The production geometry was created using SolidWorks modelled over the scan data. I asked Andrew what the main challenges that needed overcoming were, and what opportunities for innovation there were within such an obviously tight brief.
How was getting your ‘hands on’ the original hero prop essential for this product development?
When I was handling the original hero prop, I was able to study the appearance and feel of it but also really begin to understand Wah Chang’s original design intent. As I handled the prop I felt that I was truly connecting with the people that made it, seeing their craftsmanship and feeling their work. The skillfully hand-shaped aluminium panels were still held accurately square by the blocks. However, evidence suggests that this hero prop was disassembled and rebuilt after the first season so that additional lower-cost tricorder props could be made ready for the following season. Unfortunately, this process caused extensive damage and as a result, some of the prop’s panels were warped and loose. Being able to physically see the deformations and move the loose bits into position helped to create a more accurate picture of how the tricorder would have been in its former glory. It is critical that we are able to use this impression of the prop with the 3D scans to create an idealised version of the prop as it is now to match it more accurately to what was seen on the screen.
Once you have imported the scan data, where do you start?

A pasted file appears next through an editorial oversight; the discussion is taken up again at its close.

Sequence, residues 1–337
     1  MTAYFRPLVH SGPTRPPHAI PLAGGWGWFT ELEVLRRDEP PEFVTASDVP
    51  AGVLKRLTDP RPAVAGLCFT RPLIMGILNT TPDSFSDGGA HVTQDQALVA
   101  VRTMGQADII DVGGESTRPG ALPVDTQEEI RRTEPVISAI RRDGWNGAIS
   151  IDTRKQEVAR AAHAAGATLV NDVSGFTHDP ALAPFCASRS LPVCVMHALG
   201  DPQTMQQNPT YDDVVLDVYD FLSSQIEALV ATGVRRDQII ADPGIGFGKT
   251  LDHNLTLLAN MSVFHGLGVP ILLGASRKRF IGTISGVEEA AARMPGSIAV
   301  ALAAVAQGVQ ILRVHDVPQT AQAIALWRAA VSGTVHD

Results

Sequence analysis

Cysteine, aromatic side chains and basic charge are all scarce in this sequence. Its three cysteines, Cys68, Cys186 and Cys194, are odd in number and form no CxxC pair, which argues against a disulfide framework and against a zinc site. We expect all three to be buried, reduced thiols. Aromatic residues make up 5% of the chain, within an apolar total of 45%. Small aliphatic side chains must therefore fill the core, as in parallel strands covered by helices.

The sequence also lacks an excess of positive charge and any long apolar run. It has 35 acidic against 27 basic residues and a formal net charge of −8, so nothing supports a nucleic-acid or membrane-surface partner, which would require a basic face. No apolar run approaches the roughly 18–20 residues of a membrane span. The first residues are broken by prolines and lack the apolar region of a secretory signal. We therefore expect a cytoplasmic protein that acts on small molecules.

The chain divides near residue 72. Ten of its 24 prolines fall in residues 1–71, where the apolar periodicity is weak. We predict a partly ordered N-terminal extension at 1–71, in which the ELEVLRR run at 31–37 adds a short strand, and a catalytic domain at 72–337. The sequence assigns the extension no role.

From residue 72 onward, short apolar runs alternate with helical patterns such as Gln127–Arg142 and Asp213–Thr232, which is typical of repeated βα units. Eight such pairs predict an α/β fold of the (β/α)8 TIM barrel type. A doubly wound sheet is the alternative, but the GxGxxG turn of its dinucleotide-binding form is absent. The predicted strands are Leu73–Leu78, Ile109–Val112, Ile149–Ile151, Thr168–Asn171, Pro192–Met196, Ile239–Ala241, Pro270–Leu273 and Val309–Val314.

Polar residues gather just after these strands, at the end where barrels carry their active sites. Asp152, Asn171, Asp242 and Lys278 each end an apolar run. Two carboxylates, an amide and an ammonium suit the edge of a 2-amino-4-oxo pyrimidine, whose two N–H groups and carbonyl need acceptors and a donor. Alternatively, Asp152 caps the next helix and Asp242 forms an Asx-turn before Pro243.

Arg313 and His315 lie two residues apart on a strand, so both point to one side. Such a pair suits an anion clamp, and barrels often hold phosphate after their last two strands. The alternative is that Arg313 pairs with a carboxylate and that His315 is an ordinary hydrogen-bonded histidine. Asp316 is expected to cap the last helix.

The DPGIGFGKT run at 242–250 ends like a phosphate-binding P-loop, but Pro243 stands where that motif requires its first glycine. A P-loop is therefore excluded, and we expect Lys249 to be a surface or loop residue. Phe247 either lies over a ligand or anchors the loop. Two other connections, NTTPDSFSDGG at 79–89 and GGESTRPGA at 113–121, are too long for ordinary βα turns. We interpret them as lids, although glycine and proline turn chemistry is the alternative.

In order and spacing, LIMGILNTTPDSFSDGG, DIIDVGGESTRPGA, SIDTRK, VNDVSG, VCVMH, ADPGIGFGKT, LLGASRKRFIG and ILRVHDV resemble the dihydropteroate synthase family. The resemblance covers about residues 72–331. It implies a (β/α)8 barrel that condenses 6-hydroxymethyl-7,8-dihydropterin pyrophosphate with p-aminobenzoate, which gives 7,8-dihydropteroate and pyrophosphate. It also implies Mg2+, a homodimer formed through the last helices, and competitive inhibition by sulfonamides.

As some fans may know, we have been considering making the tricorder model for several years, in order to complete the away party set. As soon as I heard that the project might be happening, I started researching and gathering information, prior to the project getting the official greenlight. From this information, I was able to create a 3D ‘master sketch’, which is a basic skeleton geometry in CAD, ready for the scan data. The master sketch is described by a series of key dimensions which parametrically control the rest of the CAD model. This is a highly effective and precise method for adjusting the geometry. The dimensions I used to create the master sketch were based on original photographs and the extensive research I carried out prior to going to LA to scan Greg Jein’s original, which certainly helped me to know what I was looking for when I got hold of the prop itself. Once I had imported the scan data I could see that while some of the original measurements I had found by research were remarkably close, others were quite some way off, demonstrating how necessary the scan data was to develop a replica to be as accurate as possible to the original hero prop. One area which surprised me was how much shallower the actual prop hood was compared to the dimensions gleaned from my earlier research. I immediately thought this was a great discovery, then also realised that a shallower hood meant less volumetric space for our LCD and electronics!